The student cohort worked on three projects overseen by Dr. Samantha Majhor, assistant professor of English; Dr. Bryan Rindfleisch, associate professor of history; and Dr. Michael Schlappi, professor of biological sciences — all in the Klingler College of Arts and Sciences. The projects included a study on the potential for reintroducing wild rice seed varieties to the Menomonee River Valley (and how traditional ecological knowledge informs restoration efforts); archival research on Catholic Indian Boarding Schools; and an interactive data visualization map of Indigenous Milwaukee.

The mapping project received attention on and off campus, as it aimed to create a platform where all Milwaukeeans can learn and connect with the history that served as the foundation for the area where they live. Led by Rindfleisch, it put into perspective Milwaukee’s large populations of American Indian people and the Indigenous history of popular locations today, like American Family Field, the Milwaukee Art Museum, and the Mitchell Park Domes, which were built on native lands.

The project was designed in response to an observed erasure of Indigenous people throughout history. By identifying the places where Indigenous histories and cultures run deep in Milwaukee, Rindfleisch and the students quite literally put those important elements on “the map” for viewers to visualize, appreciate, reflect upon and learn from.

All three Marquette Indigeneity Lab projects have received interest and praise from the local community. The founding cohort of Marquette student researchers were honored with the 2022 Student Activist Award from the Wisconsin Institute for Peace and Conflict Studies (WIPCS): Danielle Barrett, Bailey Birenbaum, Clare Camblin, Rebecca DeBoer, Cameron Fronczak, Alex Liberato, Sir Lawrence Tender and Will Egan Waukau.

WIPCS, of which Marquette is a member, is a group of private and public colleges and universities that aim to spread awareness on the issues of peace and conflict. A valuable resource for institutions looking to globalize their curricula and co-curricular programs, WIPCS encourages debate on topics such as foreign policy, areas of conflict, intercultural communication, and gender relations.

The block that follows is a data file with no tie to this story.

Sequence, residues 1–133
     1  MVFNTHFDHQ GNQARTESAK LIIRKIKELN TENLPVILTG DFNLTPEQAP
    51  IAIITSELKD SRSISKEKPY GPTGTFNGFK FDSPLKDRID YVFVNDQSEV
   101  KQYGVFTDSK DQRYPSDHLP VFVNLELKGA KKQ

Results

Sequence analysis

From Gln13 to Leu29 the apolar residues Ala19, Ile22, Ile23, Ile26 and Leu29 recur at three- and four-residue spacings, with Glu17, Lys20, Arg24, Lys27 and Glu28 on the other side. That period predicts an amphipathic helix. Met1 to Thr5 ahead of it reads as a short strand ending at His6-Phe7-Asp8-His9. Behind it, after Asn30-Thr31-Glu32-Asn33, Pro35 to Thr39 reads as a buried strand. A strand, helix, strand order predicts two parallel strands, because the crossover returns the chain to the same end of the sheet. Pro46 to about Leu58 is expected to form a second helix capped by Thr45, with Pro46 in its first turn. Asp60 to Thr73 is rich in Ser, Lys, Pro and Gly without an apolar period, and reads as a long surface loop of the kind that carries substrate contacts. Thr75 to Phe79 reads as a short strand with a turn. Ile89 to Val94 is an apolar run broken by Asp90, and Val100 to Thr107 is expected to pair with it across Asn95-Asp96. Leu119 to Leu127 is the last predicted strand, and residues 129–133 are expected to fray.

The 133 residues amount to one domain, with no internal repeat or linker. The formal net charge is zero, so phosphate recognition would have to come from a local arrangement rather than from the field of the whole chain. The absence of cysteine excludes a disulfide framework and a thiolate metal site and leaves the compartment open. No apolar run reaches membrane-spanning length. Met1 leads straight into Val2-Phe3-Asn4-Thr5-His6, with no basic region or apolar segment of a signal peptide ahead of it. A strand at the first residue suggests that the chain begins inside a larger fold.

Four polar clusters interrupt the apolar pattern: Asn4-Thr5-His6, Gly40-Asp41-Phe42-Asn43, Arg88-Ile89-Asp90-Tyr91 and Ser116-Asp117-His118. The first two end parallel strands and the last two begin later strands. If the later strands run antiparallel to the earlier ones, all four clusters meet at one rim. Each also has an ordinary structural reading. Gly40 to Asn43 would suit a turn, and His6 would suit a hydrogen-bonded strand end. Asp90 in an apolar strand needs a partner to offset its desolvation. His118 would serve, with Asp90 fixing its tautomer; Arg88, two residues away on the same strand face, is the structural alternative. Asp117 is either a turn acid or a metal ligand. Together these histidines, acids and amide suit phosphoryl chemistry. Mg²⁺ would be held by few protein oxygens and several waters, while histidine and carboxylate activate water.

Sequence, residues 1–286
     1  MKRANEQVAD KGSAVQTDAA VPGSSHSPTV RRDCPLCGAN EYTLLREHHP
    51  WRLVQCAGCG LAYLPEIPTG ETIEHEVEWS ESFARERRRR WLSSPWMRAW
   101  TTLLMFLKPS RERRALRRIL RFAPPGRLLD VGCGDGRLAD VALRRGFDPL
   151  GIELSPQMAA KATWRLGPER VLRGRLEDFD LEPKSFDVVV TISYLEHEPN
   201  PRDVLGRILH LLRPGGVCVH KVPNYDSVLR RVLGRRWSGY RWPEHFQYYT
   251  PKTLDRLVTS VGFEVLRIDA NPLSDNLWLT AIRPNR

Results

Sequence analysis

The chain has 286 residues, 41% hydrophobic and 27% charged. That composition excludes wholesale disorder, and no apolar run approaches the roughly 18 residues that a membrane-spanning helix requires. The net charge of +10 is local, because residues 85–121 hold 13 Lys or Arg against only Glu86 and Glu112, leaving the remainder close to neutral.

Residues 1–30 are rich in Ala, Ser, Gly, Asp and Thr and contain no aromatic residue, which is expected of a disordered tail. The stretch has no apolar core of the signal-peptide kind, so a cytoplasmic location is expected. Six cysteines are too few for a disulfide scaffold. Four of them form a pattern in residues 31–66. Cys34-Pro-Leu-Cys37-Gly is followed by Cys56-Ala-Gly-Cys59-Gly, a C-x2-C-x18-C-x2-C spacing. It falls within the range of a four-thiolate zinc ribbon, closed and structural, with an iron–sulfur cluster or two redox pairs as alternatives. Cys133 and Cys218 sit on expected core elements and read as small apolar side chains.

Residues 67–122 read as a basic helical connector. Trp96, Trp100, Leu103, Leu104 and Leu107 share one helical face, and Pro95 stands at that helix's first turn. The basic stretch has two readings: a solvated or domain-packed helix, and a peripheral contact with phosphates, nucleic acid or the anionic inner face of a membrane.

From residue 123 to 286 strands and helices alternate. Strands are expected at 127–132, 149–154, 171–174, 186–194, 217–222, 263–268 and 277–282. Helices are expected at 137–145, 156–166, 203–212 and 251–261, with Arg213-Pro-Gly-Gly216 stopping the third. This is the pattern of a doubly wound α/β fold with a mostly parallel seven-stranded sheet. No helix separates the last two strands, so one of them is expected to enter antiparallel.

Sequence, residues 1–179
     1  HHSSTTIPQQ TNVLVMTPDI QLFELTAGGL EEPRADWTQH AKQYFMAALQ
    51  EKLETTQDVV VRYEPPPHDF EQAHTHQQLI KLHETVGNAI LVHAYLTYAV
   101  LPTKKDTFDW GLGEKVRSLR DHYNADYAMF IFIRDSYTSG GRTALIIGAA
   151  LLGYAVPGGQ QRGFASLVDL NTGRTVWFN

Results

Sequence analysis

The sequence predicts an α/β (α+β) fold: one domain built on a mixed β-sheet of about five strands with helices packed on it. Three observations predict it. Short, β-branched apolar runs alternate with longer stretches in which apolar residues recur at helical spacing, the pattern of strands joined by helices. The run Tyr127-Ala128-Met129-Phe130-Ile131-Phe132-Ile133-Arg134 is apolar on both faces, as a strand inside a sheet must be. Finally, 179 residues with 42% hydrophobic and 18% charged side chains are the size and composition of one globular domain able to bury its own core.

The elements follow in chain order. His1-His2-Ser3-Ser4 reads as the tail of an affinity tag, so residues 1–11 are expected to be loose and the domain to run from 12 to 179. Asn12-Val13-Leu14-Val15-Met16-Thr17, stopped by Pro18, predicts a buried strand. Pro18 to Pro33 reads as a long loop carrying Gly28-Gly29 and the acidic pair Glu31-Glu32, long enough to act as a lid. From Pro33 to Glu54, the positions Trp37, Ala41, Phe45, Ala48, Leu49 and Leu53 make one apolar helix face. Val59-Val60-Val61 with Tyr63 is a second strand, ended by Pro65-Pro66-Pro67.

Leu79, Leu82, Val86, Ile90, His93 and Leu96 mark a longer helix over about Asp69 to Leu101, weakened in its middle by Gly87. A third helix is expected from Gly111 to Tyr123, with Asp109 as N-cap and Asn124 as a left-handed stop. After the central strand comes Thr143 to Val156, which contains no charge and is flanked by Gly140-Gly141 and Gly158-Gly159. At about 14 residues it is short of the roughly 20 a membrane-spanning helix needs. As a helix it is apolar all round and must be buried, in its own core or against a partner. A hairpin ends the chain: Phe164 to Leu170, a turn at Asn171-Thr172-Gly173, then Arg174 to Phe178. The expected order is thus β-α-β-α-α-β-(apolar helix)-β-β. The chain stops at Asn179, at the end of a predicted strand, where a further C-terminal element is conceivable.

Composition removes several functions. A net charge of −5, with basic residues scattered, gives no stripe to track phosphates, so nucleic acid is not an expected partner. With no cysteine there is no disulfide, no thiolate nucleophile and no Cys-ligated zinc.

According to the WIPCS website, the Student Activist Award is presented to college students in Wisconsin who have made “an outstanding contribution to activism related to peace and justice issues and demonstrated commitment to peace and justice issues through participation in activism either on the home campus or in the larger community.”

Nominators for the award described the Marquette research and activism as effective efforts to “radically attend to the erasure of Indigenous Peoples in Milwaukee and more broadly the United States. It is clear these eight Indigeneity Lab students activated the Marquette mission in their discovery of truth and sharing of knowledge. But as great an impact was their personal awakening, not just around their research, but their identity and how they can give back to honor those cultural affiliations.”

As the Marquette Indigeneity Lab geared up for its dynamic research, Marquette also developed and issued its land and water acknowledgement: a way of offering respect to Indigenous citizens, both those who have come before and those currently living on said land; correcting the practice of erasing Indigenous people’s history; and recognizing that Indigenous peoples continue to be a vital part of the country’s lands now and in the future.

Marquette’s land and water acknowledgment is a statement that developed over weeks of reflection and conversation led by Indigenous student leaders with key faculty and staff. The statement recognizes the long history of Native peoples and nations that lived on and stewarded the land and water where the University now resides. It also celebrates the unbroken connection that Native people and nations still have to this land and waterways, their traditional territories.

By Shelby Williamson, Marquette University